Volunteer Name: Olivia Wilson
Project Location: Cusco, Peru
Volunteered at: Health Care Center
1- How was the local ABV Coordinator/staff and the support provided in-country?
The ABV coordinator has been wonderful from start to finish. There are many volunteers here, so she’s always busy, but if you ask for help she’s always there when you need her.
2- What was the most surprising thing you experienced?
Program: I was impressed but pleasantly so that there were so many other volunteers here at the same time as me.
Host Family: They had hot water! I set my expectations low for luxuries like this, so it was a wonderful surprise.
Country: There are so many people! I had no idea how busy Cusco would be. June and July are extremely festive months here. I loved it!
ABV: hot showers in every house volunteers need to ask how it works and no hot water in the faucets as locals don’t use that.
3- What was the most challenging thing you experienced?
Program: I struggled with the language barrier more than I expected to within my volunteer setting. My Spanish is at an intermediate level, but still struggled – especially in the clinic where patients speak very quickly. Definitely do-able but challenging at times.
Host Family: Certainly not a “challenge” but there are a lot of potatoes. I would suggest getting familiar with the supermercado to supplement your diet!
Country: I had an easy time getting settled and finding my way around but just cared definitely be acknowledge for someone not willing to get out and around. I struggled at times with all the people and animals in need of food, warmth and shelter. There are so many people in need here even despite it being a cosmopolitan area.
4- Any tips for future volunteers… (clothing, travel, personal items, donations)
1. Learn how to get around the city! especially if you are here for a long time. Feeling comfortable with your surroundings, makes for a better, safer time in country. Pay attention to landmarks, walk, use the bus!
2. For girls especially – buy some Kleenex packets and ALWAYS have them on hand. Hand sanitizer too. Lots of places don’t have toilet paper or soap.
3. If you’re going to bring US dollars, make sure they are PERFECT. No rips, writing, wrinkles – or basically they are useless here.
4. Memorize your passport number! Or have it written down somewhere and keep it with you. Necessary for bus tickets, using credit card at some places, etc. ALSO people who are students, bring your student ID!!! Discounts!
5.1-Other things volunteers should know before coming here:
(thats not in the orientation guide)
a. It is up to you to be proactive about everything. Your volunteer work, traveling, making new friends. Ultimately you and only you are responsible for having a good trip, Be prepared to spend more money than you expect or be really disciplined with your budget. There are so many opportunities to spend money – eating, shopping – that you should prepare yourself.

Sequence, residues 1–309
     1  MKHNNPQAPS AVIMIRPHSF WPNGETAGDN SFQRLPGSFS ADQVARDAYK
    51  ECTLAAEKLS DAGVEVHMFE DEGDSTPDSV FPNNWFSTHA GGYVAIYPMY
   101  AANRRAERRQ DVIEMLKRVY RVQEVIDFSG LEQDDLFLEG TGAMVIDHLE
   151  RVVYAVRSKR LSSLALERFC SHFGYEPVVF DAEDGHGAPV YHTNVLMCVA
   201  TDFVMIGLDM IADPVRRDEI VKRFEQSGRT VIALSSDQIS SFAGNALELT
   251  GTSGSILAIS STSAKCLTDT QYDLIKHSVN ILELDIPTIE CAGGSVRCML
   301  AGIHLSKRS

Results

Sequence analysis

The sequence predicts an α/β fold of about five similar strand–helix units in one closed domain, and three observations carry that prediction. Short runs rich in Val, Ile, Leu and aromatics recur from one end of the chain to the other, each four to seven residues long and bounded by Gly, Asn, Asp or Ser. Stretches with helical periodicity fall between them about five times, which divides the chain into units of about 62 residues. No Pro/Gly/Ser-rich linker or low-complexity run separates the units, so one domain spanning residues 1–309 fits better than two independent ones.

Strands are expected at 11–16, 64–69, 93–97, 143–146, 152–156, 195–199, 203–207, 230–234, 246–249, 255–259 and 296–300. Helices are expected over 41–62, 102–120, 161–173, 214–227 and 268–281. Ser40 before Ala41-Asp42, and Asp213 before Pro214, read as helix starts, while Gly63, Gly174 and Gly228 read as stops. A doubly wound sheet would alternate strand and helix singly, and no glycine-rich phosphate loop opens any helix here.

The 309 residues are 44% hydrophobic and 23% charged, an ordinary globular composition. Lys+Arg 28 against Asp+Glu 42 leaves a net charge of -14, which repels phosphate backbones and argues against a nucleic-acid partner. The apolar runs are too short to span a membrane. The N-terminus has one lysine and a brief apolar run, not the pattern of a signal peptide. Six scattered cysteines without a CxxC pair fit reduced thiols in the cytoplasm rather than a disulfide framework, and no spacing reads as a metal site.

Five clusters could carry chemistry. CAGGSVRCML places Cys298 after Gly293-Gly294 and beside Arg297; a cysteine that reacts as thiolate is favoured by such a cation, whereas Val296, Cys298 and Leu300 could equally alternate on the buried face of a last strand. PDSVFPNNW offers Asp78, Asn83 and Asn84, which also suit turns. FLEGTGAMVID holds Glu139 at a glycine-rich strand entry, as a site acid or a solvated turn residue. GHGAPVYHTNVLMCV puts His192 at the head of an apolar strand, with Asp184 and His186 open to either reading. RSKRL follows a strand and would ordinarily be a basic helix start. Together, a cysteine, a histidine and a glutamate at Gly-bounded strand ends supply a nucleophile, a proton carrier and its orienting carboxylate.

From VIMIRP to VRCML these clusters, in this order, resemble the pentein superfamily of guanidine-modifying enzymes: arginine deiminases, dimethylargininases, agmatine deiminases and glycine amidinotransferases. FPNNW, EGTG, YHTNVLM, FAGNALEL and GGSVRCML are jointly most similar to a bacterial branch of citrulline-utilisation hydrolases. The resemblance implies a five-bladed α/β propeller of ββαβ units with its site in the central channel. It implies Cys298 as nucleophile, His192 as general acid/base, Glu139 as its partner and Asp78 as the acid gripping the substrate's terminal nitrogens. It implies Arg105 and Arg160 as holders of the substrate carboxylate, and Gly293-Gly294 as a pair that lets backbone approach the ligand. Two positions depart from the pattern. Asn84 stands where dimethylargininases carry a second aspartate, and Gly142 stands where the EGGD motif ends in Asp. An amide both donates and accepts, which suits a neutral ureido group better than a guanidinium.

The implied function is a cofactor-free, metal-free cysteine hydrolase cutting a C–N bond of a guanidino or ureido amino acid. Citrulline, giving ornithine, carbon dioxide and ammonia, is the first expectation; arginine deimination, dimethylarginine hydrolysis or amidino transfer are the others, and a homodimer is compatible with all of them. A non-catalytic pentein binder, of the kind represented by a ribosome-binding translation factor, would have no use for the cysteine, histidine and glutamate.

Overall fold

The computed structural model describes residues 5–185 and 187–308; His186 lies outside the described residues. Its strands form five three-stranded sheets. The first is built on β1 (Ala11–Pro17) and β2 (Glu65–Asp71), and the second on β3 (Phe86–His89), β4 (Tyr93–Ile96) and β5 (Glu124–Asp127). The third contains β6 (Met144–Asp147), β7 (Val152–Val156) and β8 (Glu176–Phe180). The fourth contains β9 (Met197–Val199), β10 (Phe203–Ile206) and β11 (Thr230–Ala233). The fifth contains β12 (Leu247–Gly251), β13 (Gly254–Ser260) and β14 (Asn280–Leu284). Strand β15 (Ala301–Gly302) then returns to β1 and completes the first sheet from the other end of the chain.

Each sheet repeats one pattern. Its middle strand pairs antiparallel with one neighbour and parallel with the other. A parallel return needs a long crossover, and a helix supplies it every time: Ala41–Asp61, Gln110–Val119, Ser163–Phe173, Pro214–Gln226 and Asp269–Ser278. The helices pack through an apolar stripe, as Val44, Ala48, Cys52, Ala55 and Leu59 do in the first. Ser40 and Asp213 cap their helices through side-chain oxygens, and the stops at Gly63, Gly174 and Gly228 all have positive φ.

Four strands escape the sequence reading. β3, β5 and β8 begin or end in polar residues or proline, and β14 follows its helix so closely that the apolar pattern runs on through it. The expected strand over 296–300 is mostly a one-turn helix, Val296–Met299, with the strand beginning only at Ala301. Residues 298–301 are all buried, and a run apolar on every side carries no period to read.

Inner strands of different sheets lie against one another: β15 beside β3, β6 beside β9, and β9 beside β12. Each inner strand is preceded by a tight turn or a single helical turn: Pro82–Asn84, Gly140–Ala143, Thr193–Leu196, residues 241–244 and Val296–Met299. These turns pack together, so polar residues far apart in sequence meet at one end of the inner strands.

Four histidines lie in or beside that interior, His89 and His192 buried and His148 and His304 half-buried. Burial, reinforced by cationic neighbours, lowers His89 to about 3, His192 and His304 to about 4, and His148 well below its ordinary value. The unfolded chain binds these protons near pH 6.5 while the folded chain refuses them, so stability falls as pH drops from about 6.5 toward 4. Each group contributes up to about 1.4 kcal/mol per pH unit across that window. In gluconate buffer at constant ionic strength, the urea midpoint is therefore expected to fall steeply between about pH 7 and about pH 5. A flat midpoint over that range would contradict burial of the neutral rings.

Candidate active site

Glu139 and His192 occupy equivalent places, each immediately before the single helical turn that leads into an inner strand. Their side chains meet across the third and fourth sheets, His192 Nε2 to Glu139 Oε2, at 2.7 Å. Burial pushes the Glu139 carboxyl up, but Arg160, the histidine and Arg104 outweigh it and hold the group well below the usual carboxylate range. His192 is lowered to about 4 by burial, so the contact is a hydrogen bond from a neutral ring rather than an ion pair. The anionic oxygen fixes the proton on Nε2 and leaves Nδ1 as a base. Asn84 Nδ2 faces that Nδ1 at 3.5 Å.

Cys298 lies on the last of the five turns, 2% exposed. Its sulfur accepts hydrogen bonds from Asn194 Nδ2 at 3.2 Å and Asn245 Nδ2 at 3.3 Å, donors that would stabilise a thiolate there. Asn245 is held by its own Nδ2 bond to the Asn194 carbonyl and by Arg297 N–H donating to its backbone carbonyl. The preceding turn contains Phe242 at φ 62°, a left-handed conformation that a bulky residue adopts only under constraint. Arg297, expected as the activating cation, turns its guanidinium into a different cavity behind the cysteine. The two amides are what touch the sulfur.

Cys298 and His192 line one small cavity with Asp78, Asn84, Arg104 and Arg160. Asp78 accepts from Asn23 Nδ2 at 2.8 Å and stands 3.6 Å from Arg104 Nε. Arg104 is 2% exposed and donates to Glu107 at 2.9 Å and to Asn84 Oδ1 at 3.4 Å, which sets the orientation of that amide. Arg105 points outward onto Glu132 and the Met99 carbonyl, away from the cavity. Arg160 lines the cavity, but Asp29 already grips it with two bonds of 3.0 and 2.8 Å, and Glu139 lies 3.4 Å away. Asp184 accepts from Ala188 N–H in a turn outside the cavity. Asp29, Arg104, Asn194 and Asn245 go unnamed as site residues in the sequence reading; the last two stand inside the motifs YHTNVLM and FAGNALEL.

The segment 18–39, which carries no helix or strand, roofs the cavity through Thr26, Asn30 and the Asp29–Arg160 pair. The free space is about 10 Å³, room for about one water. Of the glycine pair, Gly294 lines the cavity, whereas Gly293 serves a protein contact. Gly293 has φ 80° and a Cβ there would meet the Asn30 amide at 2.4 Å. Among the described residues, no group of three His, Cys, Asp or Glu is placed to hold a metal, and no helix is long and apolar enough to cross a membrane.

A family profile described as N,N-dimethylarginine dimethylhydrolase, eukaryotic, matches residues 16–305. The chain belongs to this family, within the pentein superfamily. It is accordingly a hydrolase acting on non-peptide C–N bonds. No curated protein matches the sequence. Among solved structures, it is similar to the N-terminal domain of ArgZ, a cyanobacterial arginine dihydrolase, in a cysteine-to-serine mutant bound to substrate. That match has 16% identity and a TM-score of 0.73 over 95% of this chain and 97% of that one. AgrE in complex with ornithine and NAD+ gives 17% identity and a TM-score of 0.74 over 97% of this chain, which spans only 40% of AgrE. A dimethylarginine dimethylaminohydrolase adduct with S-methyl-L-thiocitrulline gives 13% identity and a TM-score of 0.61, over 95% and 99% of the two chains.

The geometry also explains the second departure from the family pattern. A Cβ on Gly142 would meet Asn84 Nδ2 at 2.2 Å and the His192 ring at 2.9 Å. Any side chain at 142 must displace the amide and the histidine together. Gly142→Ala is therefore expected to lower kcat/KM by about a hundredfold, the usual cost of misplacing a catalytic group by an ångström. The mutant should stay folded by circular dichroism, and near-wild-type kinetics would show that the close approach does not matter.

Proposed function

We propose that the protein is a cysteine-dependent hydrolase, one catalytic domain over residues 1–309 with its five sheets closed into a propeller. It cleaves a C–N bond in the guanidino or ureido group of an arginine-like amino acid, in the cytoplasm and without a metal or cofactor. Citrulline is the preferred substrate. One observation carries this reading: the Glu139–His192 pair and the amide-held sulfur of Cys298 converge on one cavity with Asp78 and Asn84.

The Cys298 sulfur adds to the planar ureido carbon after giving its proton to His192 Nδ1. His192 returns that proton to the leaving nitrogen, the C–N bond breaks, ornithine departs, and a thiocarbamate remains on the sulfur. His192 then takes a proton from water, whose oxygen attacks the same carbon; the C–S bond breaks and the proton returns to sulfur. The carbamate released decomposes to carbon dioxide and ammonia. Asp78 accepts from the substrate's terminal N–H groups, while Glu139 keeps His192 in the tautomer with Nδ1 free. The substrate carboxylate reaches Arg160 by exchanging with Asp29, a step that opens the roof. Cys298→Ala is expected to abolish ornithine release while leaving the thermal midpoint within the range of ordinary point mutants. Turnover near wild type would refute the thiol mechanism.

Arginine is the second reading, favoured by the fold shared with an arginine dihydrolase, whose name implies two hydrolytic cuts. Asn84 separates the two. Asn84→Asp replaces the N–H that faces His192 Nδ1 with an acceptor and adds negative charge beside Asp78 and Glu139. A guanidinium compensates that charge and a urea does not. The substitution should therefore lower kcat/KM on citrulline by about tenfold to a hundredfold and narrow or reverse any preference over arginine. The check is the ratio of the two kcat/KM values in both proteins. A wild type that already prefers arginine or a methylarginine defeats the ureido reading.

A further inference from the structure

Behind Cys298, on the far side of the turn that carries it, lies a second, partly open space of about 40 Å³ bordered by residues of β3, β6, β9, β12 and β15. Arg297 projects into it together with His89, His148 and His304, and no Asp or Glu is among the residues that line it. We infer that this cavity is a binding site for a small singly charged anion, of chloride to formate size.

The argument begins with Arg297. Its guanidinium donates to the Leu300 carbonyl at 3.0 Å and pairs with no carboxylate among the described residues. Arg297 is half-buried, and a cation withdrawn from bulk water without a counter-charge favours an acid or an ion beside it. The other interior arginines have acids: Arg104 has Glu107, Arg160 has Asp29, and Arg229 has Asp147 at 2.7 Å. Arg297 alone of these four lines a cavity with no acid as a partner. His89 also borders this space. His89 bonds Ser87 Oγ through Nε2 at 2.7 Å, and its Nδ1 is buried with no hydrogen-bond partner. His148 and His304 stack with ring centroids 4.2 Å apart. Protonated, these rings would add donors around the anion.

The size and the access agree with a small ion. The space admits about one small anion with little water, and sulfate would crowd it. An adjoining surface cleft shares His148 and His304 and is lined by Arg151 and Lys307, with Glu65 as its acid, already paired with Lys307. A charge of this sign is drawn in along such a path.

b. Being in the volunteering setting can be really overwhelming. Sometimes you feel in the way or stressed out because you are not able to communicate effectively. It’s ok!! There will be tough days – especially in the clinic – but that’s when you take a few breaths, remember why you came and open yourself up to the unexpected –and at times- uncomfortable.
6- Personal Paragraph about the experience (ABV Program Testimonial):
While ABV and its in country staff here have been invaluable to my experience, being a positive one. I stand firm by the idea that YOU must be proactive in regard to all aspects of your trip. ABV makes it very possible to have an amazing time, but you must be willing to go the extra mile to make the trip what you wanted it to be. I’m so thankful to have had the opportunity and to have met the people I did. There were definitely drying times but I wouldn’t give up any of it!! All in all it’s been a fantastic experience and I would recommend ABV to anyone.
7- How would you describe your accommodation, meals, security, friendliness, quality others:
My host family accepted me in their home with open arms from Day 1. Meals vary in how appealing they are, but I have found it’s always best to ask for a smaller portion if you’re unsure. That way you aren’t rejecting their hospitality nor are you wasting a lot of food if you don’t like it. I have felt safe at every moment of my trip. Be smart, be safe – don’t forget that you are in a different country and everything looks different at right. But I have never felt unsafe during my time here. Be friendly to others and almost always they will be friendly to you! I have had no issues with anyone here.
8- What was your favorite memory of this trip?
Program: Through ABV, I met fantastic people who were volunteering in the same place as me. Some of my favorite memories were traveling with these people.
Host Family: One night I spent a couple hours helping my abuela with some crafts – it was a special time sitting and listening to her stories.
Country: I loved my time in the Sacred Valley – specifically Pisaq + Ollantaytambo. I went with some friends – without a tour guide and we had an unbelievable time exploring and surrounding ourselves with the beautiful sights Peru has to offer.
9- How was the ABV USA support prior traveling?
The ABV support staff was amazing. I got responses to all of my questions on the same day. Phone calls were always answered, even when I called multiple times. I felt supported.
9.1- What do you think about the reservation system online?
Simple, timely, I had no problems.
9.2- Who did you find Abroaderview website
Through my university global studies program. Previous students from my university here traveled with ABV.
10 – Are you willing to speak to other potential ABV volunteers?
Note: Spanish Immersion Lessons were fantastic. My trip would have not been the same without them. They were invaluable to me as an intermediate speaker.